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Différence entre squalane et squalène.

What is the difference between squalane and squalene?

Squalane and squalene are both substances that visually improve the condition of the skin. Although they can be confused, these two elements are chemically different, even though they have quite similar benefits. Discover the differences between squalane and squalene, as well as their usefulness in skincare.

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What are the differences between squalane and squalene?

Unlike squalane, squalene is a substance in the form of fat or lipid naturally produced by the human body. It is more precisely secreted by the sebaceous glands.

Squalene isone of the components of sebum, along with wax esters and triglycerides.

Its role is to form a protective barrier for the skin, but also to keep it hydrated. It also has antioxidant properties that combat the damage caused by free radicals.

Regarding squalane, it is a derivative of squalene. Indeed, in order to obtain it, it is necessary tohydrogenate the squalene. Squalene has a raw formula of C30H50 while squalane is written as C30H62.

These two molecules therefore have the same number of carbon atoms, but not the same number of hydrogen atoms. In fact, squalane is said to be saturated : oxygen atoms cannot attach to the carbon chain, and therefore squalane is much more stable than squalene. Conversely, squalene is described as unsaturated because it has carbon-carbon double bonds (C=C), which can react with oxygen atoms.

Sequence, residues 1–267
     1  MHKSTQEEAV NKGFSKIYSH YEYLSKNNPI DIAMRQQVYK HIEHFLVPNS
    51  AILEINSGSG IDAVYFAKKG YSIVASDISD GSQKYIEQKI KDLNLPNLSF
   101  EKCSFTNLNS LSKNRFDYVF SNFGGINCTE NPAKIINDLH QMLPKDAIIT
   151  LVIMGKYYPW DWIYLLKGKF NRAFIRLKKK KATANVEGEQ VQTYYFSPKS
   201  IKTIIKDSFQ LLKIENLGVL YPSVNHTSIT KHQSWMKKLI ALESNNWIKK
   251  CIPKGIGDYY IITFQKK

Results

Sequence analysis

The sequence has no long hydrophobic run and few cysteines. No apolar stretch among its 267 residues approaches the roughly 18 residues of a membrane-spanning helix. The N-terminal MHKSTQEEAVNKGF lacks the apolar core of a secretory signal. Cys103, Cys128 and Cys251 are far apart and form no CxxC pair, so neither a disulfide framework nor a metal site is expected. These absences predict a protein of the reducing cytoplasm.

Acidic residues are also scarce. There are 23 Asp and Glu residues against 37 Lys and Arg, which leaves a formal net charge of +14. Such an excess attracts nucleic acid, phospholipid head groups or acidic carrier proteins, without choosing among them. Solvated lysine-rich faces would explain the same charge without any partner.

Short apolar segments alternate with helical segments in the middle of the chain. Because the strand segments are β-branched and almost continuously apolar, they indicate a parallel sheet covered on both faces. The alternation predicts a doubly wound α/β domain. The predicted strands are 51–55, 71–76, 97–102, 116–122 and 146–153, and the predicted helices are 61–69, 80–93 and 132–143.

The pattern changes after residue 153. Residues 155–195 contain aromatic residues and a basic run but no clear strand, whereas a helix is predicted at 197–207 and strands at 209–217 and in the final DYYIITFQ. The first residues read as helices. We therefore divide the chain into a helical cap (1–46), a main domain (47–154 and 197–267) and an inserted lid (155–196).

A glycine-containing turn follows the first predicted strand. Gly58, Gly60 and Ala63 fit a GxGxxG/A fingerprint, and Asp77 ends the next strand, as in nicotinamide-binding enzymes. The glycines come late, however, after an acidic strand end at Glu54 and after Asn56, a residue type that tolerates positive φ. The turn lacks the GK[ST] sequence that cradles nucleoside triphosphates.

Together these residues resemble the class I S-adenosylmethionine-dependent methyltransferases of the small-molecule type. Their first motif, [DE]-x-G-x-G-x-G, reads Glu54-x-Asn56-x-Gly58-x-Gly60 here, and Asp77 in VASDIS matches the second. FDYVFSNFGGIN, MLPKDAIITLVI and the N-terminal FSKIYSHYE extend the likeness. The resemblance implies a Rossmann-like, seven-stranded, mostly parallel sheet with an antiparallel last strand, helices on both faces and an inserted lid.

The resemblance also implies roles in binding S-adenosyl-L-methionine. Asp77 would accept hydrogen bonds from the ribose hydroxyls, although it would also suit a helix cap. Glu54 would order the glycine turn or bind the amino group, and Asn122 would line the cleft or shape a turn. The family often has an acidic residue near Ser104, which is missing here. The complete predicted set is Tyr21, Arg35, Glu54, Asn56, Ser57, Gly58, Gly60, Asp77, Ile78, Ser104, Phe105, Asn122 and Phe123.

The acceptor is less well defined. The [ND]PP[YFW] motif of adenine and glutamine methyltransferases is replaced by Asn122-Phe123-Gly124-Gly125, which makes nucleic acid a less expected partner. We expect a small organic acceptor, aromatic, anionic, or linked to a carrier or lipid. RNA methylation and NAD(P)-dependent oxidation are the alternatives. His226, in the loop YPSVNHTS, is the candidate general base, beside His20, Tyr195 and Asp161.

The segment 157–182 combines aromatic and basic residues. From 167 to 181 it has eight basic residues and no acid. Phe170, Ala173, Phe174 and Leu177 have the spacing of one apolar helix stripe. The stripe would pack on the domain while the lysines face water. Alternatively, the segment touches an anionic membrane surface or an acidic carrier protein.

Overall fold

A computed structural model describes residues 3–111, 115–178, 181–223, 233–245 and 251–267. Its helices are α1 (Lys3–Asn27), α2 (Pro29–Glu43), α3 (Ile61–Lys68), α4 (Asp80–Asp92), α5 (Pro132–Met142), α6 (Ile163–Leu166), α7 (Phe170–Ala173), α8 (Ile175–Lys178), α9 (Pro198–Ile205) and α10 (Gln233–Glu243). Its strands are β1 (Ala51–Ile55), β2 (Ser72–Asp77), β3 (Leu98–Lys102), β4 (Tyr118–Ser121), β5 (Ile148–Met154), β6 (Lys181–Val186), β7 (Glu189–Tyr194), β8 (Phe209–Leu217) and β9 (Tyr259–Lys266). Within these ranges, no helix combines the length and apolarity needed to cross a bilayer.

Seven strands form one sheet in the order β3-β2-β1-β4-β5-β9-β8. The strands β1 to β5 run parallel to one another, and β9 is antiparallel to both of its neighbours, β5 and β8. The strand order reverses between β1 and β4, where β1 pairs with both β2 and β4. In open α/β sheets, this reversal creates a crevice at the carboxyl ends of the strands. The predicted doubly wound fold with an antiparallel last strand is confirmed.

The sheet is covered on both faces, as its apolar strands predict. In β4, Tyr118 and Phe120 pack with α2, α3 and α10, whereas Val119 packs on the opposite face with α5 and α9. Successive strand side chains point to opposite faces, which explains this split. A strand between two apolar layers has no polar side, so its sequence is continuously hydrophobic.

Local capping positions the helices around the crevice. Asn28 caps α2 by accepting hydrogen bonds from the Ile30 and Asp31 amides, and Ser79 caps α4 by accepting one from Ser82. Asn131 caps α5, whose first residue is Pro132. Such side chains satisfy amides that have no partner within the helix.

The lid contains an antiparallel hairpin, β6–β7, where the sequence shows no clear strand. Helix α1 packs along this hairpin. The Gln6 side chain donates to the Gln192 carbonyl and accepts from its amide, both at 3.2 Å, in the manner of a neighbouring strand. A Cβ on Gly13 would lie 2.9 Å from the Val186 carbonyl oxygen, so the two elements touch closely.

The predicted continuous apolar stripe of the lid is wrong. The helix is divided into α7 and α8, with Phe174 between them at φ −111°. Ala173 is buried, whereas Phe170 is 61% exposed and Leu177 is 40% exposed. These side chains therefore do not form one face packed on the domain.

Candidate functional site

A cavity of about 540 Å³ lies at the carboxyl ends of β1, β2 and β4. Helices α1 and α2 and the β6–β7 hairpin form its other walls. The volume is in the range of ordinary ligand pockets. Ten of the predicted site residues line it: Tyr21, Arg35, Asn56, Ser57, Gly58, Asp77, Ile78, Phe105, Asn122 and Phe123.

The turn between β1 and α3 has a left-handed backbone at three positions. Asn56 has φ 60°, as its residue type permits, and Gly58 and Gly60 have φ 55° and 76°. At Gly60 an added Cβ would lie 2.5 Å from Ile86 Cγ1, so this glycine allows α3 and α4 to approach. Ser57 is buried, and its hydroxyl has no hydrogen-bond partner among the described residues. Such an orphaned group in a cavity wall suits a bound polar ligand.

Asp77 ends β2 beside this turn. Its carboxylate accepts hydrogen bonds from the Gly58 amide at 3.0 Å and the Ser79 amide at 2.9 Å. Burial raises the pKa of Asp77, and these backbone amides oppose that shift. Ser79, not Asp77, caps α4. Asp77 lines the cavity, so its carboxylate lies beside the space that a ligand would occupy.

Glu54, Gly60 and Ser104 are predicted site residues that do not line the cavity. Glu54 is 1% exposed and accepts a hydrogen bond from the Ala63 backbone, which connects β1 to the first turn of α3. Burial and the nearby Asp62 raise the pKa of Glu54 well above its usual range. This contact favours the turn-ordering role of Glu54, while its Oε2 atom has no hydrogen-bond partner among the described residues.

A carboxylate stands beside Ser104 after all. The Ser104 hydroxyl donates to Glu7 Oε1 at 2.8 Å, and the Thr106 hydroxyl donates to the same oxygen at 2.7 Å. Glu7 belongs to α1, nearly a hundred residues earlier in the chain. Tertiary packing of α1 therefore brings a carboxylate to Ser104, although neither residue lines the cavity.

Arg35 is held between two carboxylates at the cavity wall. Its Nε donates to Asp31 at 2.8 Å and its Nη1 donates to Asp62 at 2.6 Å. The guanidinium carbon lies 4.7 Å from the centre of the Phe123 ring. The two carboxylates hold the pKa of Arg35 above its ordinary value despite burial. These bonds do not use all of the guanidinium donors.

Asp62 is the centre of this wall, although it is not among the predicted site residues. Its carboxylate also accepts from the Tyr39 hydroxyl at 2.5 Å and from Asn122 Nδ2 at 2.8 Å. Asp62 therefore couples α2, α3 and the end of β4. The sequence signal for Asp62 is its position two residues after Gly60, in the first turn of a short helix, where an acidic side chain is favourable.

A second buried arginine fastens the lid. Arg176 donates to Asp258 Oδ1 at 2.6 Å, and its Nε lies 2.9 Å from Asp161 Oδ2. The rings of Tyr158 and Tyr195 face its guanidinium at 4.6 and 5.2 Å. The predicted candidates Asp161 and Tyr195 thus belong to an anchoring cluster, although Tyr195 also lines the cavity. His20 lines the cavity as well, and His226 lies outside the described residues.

The squalane is a well-known ingredient in skincare. Its excellent affinity with skin and hair, as well as its emollient properties, make it a very popular active ingredient for cosmetic products, both in cream and milk formulas as well as in massage oils and hair oils, and also in hair serums. Squalane helps to restore the lipid barrier and protects the skin and hair from dehydration. It is particularly recommended in formulas intended for dry skin.

From squalene to squalane.

It's important to note that the production of squalene by the sebaceous glands significantly decreases starting in our thirties. This generally results in the skin becoming drier and therefore more marked with the appearance of dehydration fine lines . This is where squalane comes into play.

The production of squalane found in skincare products does not originate from the squalene secreted by the human body. While in the past, squalane was produced through the hydrogenation of squalene found in shark liver, this is no longer the case today. Indeed, for ethical reasons, vegetable squalane derived from olive oil began to be used as a replacement for animal-derived squalane starting from the 1980s.

Theplant-derived squalaneis obtained from squalene sourced from olive oil residues, sugarcane, rice, wheat, sugar beet, palm oil, or amaranth.In the case of olive oil squalane, the process involves recovering the unsaponifiable squalene using a distillation process aimed at removing the pulp from the olives that will provide the oil. The squalene is then hydrogenated into squalane. Hydrogenation involves combining a compound with a molecule of dihydrogen (H2). The entire process takes place without any solvents. Furthermore,olives are the preferred source, with a particularly low environmental impact within the framework of sustainable or organic farming, which preserves biodiversity and limits the use of irrigation.

Our nourishing serum contains 100% squalane derived from olive oil. It is particularly recommended for dry skin, for daily application in the morning and evening.

Sources

  • ARADENIZ F. & al. Biological importance and applications of squalene and squalane. Advances in Food and Nutrition Research (2012).

  • DUCOS L. & al. Shark in our beauty creams, an exclusive study by Bloom (2015).

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